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Wheelwright’s book about the Navajo Creation Myth.
000 myth


4819e pollen

C.G. Jung Letters, Vol. 1: 1906-1950

To Margaret Erwin Schevill

Dear Mrs. Schevill, 1 September 1942

Your letter has reached me with considerable delay but it has arrived.

I think you could risk sending me a copy of the manuscriptwithout which I wouldn’t be able to say much in the way of an introduction.

At all events it would be a poor sort of thing, since my mind is not actually preoccupied with Indian lore.

I’m deeply immersed in mediaeval thought rather, though I have recently read Wheelwright’s book about the Navajo Creation Myth which is very interesting in a way.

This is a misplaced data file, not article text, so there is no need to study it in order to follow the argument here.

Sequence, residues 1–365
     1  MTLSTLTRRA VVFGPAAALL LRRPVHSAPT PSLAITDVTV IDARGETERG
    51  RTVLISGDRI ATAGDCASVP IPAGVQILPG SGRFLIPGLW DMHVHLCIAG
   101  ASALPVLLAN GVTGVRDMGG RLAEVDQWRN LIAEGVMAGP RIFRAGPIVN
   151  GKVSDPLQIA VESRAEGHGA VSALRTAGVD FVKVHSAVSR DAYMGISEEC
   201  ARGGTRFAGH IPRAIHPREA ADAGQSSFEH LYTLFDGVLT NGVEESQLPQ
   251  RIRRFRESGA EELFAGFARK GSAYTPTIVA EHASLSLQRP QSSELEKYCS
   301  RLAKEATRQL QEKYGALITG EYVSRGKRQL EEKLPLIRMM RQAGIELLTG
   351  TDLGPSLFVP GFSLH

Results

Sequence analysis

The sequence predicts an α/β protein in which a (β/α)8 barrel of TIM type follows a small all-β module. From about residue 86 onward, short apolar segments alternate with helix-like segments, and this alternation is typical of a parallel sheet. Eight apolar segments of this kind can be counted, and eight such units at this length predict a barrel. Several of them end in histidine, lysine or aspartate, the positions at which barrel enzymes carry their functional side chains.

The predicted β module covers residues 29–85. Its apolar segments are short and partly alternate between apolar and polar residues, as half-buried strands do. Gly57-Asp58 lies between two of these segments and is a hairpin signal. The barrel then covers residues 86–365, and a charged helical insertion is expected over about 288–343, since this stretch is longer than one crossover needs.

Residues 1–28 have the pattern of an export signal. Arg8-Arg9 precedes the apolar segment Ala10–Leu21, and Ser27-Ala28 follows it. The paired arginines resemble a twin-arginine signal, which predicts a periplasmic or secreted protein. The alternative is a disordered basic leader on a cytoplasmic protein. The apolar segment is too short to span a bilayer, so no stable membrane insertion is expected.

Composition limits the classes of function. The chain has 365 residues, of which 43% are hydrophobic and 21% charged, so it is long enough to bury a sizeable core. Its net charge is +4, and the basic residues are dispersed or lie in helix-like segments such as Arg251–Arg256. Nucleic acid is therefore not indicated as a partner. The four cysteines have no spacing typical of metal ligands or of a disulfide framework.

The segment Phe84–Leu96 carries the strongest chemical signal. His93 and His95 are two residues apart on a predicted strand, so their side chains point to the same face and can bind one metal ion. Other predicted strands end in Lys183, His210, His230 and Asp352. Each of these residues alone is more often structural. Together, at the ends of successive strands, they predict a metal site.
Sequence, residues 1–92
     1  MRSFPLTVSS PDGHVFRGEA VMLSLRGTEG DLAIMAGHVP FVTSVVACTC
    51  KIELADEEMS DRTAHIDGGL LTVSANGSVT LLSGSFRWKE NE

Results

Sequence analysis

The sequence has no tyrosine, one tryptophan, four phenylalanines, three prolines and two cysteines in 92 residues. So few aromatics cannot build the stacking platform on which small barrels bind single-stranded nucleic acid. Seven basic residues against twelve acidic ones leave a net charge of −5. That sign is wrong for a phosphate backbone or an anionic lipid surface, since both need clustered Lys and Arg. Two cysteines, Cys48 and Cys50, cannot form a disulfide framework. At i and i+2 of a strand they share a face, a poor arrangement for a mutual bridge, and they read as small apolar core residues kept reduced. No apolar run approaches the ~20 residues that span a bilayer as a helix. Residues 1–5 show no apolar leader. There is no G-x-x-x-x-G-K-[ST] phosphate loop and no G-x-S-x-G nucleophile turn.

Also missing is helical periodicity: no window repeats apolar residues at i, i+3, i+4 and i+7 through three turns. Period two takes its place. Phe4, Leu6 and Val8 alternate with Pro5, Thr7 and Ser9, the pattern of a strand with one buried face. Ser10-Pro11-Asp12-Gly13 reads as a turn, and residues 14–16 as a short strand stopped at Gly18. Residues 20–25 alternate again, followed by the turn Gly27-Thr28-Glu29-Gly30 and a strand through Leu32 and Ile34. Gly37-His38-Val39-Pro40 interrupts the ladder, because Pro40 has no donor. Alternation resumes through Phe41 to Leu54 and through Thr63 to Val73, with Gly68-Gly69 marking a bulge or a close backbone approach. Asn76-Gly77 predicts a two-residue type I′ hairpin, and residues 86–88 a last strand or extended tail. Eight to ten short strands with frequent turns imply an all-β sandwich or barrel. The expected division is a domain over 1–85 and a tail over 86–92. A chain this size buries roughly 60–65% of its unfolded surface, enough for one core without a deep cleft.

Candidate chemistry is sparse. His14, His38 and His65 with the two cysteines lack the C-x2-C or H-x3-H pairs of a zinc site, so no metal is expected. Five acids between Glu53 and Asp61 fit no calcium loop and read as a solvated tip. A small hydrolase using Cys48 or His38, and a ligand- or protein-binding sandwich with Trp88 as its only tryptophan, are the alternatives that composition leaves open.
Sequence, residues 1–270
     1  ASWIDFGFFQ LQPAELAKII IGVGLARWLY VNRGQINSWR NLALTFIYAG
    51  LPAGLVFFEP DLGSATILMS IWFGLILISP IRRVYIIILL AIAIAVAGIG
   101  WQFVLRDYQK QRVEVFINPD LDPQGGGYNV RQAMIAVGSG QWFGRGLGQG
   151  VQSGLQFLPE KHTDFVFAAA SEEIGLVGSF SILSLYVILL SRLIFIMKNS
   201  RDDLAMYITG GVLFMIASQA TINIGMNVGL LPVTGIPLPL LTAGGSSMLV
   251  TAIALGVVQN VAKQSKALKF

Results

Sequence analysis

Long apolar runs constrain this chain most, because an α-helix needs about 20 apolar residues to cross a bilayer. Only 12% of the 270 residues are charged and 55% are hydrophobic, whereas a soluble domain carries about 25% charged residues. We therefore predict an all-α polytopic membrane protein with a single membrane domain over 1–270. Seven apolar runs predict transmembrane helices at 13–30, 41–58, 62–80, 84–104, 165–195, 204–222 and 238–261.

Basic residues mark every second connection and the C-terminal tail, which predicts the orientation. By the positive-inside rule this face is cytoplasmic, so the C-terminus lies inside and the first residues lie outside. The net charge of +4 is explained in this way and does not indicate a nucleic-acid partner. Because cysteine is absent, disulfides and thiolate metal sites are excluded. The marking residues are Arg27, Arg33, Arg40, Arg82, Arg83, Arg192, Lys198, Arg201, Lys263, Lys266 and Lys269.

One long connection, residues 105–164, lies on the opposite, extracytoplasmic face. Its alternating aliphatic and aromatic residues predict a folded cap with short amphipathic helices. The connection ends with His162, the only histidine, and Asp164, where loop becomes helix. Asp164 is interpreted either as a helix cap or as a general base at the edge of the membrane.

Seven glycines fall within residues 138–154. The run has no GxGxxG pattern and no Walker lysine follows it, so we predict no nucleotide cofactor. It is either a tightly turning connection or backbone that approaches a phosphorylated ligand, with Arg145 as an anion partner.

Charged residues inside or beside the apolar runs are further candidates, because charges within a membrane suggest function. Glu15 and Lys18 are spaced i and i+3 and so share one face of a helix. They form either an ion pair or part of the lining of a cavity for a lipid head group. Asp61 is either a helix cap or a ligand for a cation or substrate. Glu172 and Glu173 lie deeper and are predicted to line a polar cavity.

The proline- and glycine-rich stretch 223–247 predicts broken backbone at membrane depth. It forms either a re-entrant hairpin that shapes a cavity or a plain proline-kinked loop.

Such a detailed recording of the primitive mind shows the extraordinary interwovenness of a definite natural milieu with the archetypal collective pattern, a picture which is surely most bewildering inasmuch as the numberless plants and animals and the peculiar atmospheric conditions are strange to you.

Intimate knowledge of them, however, is indispensable for the understanding of the specific value of just such a plant or such an animal.

On the whole I think the mail is safe.

Recently I got quite a number of letters and even books from the U.S.

Hoping you are always in good health,

I remain,

Yours sincerely,

C.G. Jung ~Carl Jung, Letters Vol. 1, Page 320

Margaret Schevill Link (1887-1962) , American ethnologist, of Arizona. As a student of literature and art she had worked for some time with Jung and became interested in the myths of the Navaho Indians.